Tuesday, August 08, 2006

Compassionate elephants

The Popbitch crew - currently on holiday - love animal tales so here's one hot off the PA wires. I don't know why compassion is described as a "human-like" attribute in the report below: you have only to watch a great number of species with their young to recognise compassion - which I define as the ability to be aware of pain in others coupled with a desire to relieve it.
But is Anna Wintour compassionate? Does she sense the imprinted pain in the creatures whose skins adorn her skeletal body? Or should Ms Wintour be shot?
Where's my compassion?

Elephants pay their respects to lost loved ones and venerated leaders in a way that suggests a human-like capacity for compassion, scientists said today.
They came to the conclusion after watching how elephants on a Kenyan game reserve behaved towards a matriarch who fell ill and died.
The dying elephant, named Eleanor by the researchers, was first assisted by an unrelated matriarch from another family.
At one point the helper, called Grace, was observed lifting the collapsed animal to her feet using her tusks.
When Eleanor fell again, Grace tried again to lift her up, this time without success.
Eleanor died where she fell, and was subsequently visited by elephants from her own and four other families.
The animals showed a distinct interest in the body, sniffing it with their trunks, hovering a foot over it, or nudging it with their tusks.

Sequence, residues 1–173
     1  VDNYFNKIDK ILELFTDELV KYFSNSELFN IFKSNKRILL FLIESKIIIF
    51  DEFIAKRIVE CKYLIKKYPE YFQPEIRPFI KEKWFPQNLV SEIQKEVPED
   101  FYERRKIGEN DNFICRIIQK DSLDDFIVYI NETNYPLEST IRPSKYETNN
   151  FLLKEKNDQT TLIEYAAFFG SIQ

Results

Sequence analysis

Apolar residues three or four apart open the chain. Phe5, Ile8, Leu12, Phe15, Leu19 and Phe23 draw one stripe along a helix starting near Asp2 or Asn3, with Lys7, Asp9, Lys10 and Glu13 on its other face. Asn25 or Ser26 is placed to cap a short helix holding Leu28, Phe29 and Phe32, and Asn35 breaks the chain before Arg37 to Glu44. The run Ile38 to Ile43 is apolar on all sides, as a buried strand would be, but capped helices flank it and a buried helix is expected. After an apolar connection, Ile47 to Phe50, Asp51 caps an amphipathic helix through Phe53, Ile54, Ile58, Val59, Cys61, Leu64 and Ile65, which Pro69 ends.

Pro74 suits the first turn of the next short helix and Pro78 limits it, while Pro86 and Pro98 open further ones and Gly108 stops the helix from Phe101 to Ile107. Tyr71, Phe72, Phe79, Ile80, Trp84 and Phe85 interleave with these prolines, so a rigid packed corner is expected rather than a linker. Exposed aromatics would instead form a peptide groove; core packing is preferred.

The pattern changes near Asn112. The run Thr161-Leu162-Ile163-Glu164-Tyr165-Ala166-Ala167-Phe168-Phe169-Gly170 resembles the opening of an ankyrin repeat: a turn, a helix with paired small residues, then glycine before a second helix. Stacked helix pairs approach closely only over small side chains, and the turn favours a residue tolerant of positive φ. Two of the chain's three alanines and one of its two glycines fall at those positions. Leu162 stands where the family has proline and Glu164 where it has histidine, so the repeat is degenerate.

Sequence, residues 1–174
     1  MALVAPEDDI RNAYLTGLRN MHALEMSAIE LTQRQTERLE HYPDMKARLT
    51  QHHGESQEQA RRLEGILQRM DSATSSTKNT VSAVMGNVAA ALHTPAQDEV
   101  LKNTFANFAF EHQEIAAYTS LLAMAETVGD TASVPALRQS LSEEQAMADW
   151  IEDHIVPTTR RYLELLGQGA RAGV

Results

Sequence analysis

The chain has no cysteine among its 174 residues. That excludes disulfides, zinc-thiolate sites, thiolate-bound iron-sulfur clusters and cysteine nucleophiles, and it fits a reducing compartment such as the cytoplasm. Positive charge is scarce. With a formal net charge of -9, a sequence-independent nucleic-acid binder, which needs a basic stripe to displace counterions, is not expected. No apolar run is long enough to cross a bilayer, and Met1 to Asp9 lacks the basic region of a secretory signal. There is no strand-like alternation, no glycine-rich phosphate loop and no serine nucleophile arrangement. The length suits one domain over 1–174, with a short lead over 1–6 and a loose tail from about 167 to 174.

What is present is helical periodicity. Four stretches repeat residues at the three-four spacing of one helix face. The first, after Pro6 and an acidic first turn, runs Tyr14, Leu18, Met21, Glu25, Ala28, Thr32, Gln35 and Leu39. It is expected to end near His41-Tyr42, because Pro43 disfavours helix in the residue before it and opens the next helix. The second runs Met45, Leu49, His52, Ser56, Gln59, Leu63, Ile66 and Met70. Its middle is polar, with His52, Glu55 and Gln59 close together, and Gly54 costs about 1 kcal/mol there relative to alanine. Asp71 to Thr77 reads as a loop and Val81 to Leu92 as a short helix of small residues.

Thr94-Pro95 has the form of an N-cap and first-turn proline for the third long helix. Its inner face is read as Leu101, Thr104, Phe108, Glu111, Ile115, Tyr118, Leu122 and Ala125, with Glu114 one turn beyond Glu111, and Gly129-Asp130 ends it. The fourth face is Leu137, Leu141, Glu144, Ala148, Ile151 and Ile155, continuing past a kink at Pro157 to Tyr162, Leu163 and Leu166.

Some of the visiting elephants had previously had no association with Eleanor, said the scientists.
Elephants appeared to be interested in sick, dying or dead members of their community even when they were unrelated.
"It leads to the conclusion that elephants have a generalised response to suffering and death of con-specifics and that this is not restricted to kin," the scientists wrote in a paper to be published in the August issue of the journal Applied Animal Behaviour Science.
The research was led by Dr Iain Douglas-Hamilton, from the Zoology Department at Oxford University, who founded the charity Save the Elephants.
With US colleagues from the University of California, his team monitored members of a population of 900 individually known animals on the Samburu National Reserve in northern Kenya.
Movements of 50 of this group are constantly tracked using global positioning satellite (GPS) collars.
The researchers also took automatically dated and timed photographs to record elephants visiting the dead matriarch.
Most animals apart from humans seem to show little interest in the dead bodies of their own species.
However chimpanzees, dolphins and elephants are all known to show concern for the sick and dead.
Dr Douglas-Hamilton said: "This behaviour in an animal species can be compared to human behaviour, and indicates that such feelings as compassion may not be restricted to our species alone."


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